Photo by Simon Bray

Take More Photos

Within my own work, I’ve found that one of the best practices is to have a camera with me at all times, which allows me to never miss an opportunity to capture a moment. This offers chances to take a greater number and a wider variety of photographs.

However, it’s also important that you schedule regular shoots to give yourself a structure to your work, whether they be for commercial work or personal projects, which will allow for more chances for development in your work.


Photo by Simon Bray

Take Less Photos!

Now it may seem as though this point will directly contradict the last, but actually, it is possible to do both. The previous paragraph was an encouragement on a larger scale to give yourself more opportunities for taking photos, but my point here is to emphasize, that within each shoot, it may be more beneficial to take fewer photographs, but of a higher quality.

When I used to work with film, the process of taking a photograph would be far slower than now when I am working with digital. This slower process allowed for time to not only consider the exposure settings, composition and framing of the shot, but also to allow for timing the shot to perfection so you capture the perfect moment.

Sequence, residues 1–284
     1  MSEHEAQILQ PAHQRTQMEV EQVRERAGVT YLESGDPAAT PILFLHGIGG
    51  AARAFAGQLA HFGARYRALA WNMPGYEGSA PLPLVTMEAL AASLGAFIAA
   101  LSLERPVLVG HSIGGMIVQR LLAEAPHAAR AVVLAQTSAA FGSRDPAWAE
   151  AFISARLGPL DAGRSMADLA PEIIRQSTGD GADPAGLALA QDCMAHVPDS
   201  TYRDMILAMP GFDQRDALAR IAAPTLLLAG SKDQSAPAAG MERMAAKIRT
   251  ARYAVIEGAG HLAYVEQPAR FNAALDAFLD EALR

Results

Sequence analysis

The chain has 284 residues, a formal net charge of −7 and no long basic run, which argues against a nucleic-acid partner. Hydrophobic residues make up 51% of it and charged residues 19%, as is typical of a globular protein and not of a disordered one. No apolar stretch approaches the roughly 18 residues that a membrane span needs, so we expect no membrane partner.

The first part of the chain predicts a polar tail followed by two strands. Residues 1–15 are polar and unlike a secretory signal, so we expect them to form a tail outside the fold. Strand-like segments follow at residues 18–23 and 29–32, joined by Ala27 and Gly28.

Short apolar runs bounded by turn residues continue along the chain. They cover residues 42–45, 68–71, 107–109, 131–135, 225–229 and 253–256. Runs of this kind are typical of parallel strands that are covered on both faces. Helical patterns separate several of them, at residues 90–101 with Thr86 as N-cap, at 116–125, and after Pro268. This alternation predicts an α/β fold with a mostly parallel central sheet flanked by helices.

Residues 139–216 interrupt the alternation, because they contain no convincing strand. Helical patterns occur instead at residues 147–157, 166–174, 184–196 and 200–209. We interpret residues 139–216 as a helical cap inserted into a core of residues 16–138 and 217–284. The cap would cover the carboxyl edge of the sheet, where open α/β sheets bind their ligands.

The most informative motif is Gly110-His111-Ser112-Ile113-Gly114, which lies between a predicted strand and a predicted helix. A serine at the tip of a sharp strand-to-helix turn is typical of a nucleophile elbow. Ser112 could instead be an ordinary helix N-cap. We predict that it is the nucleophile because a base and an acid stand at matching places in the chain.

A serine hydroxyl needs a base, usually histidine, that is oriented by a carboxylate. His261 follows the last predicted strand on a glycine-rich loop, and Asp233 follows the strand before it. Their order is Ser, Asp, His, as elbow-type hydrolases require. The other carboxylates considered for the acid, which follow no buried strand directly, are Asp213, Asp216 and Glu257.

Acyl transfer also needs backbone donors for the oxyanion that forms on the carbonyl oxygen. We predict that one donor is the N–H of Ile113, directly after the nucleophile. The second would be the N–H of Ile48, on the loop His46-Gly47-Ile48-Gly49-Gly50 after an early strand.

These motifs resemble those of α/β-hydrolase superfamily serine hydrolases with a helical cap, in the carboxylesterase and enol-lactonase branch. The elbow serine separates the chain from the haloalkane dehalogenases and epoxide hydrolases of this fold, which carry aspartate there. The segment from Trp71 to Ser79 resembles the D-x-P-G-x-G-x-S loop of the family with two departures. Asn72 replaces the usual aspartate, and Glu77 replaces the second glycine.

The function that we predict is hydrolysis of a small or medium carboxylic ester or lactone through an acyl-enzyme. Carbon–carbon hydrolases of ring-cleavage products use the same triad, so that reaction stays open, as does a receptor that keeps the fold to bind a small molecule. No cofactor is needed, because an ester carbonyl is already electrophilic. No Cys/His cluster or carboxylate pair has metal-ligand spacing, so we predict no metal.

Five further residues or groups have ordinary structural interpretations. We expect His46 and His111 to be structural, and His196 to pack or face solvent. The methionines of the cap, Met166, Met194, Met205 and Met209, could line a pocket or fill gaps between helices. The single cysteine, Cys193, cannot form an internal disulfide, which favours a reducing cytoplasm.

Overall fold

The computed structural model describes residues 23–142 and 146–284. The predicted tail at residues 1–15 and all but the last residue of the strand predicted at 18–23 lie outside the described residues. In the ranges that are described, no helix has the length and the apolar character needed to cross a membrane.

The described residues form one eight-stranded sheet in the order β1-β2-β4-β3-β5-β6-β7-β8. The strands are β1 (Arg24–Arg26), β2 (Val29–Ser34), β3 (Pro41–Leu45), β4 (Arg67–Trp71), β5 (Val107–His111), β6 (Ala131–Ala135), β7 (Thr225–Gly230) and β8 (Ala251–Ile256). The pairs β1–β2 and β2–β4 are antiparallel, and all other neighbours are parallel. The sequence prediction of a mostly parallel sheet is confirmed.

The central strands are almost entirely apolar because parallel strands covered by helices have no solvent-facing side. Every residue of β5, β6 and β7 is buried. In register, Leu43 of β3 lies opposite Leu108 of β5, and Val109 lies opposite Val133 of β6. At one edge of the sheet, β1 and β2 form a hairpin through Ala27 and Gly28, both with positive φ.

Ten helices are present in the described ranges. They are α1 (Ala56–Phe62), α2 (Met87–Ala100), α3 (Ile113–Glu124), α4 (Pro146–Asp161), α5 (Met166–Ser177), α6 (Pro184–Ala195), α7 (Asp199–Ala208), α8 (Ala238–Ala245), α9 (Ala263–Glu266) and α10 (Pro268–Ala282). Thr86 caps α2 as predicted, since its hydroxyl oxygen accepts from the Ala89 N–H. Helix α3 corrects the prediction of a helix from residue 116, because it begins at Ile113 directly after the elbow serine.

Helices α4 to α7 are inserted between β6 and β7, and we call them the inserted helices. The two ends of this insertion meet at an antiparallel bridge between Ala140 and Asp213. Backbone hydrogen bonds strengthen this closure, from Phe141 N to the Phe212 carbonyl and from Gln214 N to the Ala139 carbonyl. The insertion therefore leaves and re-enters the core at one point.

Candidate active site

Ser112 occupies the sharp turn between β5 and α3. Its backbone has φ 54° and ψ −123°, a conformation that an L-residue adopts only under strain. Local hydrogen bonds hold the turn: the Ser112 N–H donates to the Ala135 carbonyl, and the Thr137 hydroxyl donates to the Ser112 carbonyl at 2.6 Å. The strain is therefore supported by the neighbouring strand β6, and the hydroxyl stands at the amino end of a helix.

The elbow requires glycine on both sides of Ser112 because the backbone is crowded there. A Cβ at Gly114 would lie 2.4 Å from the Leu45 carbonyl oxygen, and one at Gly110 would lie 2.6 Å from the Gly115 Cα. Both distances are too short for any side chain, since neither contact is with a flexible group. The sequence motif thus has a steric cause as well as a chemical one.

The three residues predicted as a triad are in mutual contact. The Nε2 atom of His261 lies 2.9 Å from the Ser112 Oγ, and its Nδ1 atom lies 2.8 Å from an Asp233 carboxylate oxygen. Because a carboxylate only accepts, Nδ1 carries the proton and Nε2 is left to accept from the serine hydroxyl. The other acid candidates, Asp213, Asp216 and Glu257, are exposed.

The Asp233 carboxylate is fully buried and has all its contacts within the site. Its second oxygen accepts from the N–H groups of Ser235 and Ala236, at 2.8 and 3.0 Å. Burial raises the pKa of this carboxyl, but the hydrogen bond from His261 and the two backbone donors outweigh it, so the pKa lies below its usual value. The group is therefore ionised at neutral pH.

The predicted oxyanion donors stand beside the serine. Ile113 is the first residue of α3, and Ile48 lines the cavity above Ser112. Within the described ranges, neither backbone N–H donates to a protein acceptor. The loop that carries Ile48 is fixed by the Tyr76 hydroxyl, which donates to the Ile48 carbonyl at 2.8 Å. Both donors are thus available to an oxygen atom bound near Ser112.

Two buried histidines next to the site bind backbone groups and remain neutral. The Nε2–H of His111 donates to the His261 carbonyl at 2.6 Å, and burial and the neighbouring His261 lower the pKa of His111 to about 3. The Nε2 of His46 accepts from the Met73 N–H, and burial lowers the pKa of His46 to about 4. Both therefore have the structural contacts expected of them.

Photo by Simon Bray

Reach Out to Potential Clients

If you consider photography your livelihood, it’s essential that you endeavor to create work opportunities for yourself. It may also be the case that up until now, you’ve considered photography as merely a hobby, but now may be the time to start reaching out to potential clients within the local area to try and secure some working opportunities.

You’ll need to make yourself look professional, use headed paper, get your website and portfolio up to scratch and do some research regarding the rates at which you should be charging so as not to undercut other photographers!


Photo by Simon Bray

Get Your Work Seen

Once you have a body of work or personal project that you are pleased with, it’s time to work to get it seen by those in the photographic industry. The first step might be to submit some images to a magazine for potential publication, but you could also consider hosting your own exhibit or getting in touch with local galleries or stores that may consider displaying your work.